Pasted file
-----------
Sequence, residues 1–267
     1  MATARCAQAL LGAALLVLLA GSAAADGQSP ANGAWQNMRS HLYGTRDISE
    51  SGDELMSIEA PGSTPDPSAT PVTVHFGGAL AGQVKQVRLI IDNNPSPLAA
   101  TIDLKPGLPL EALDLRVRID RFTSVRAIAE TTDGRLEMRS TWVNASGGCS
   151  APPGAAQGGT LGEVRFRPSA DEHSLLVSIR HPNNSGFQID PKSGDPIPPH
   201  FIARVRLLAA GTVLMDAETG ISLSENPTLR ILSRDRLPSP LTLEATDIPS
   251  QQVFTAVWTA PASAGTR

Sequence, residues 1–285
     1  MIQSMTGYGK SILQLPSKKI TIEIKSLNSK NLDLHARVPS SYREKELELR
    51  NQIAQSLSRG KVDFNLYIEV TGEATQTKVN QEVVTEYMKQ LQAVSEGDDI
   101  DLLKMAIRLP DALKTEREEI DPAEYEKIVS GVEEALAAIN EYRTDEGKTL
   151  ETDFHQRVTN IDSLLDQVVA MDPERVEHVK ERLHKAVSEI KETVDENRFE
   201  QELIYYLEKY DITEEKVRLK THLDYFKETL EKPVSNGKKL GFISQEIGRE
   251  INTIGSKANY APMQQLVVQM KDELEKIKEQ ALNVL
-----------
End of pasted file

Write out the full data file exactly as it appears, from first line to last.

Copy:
Sequence, residues 1–267
     1  MATARCAQAL LGAALLVLLA GSAAADGQSP ANGAWQNMRS HLYGTRDISE
    51  SGDELMSIEA PGSTPDPSAT PVTVHFGGAL AGQVKQVRLI IDNNPSPLAA
   101  TIDLKPGLPL EALDLRVRID RFTSVRAIAE TTDGRLEMRS TWVNASGGCS
   151  APPGAAQGGT LGEVRFRPSA DEHSLLVSIR HPNNSGFQID PKSGDPIPPH
   201  FIARVRLLAA GTVLMDAETG ISLSENPTLR ILSRDRLPSP LTLEATDIPS
   251  QQVFTAVWTA PASAGTR

Sequence, residues 1–285
     1  MIQSMTGYGK SILQLPSKKI TIEIKSLNSK NLDLHARVPS SYREKELELR
    51  NQIAQSLSRG KVDFNLYIEV TGEATQTKVN QEVVTEYMKQ LQAVSEGDDI
   101  DLLKMAIRLP DALKTEREEI DPAEYEKIVS GVEEALAAIN EYRTDEGKTL
   151  ETDFHQRVTN IDSLLDQVVA MDPERVEHVK ERLHKAVSEI KETVDENRFE
   201  QELIYYLEKY DITEEKVRLK THLDYFKETL EKPVSNGKKL GFISQEIGRE
   251  INTIGSKANY APMQQLVVQM KDELEKIKEQ ALNVL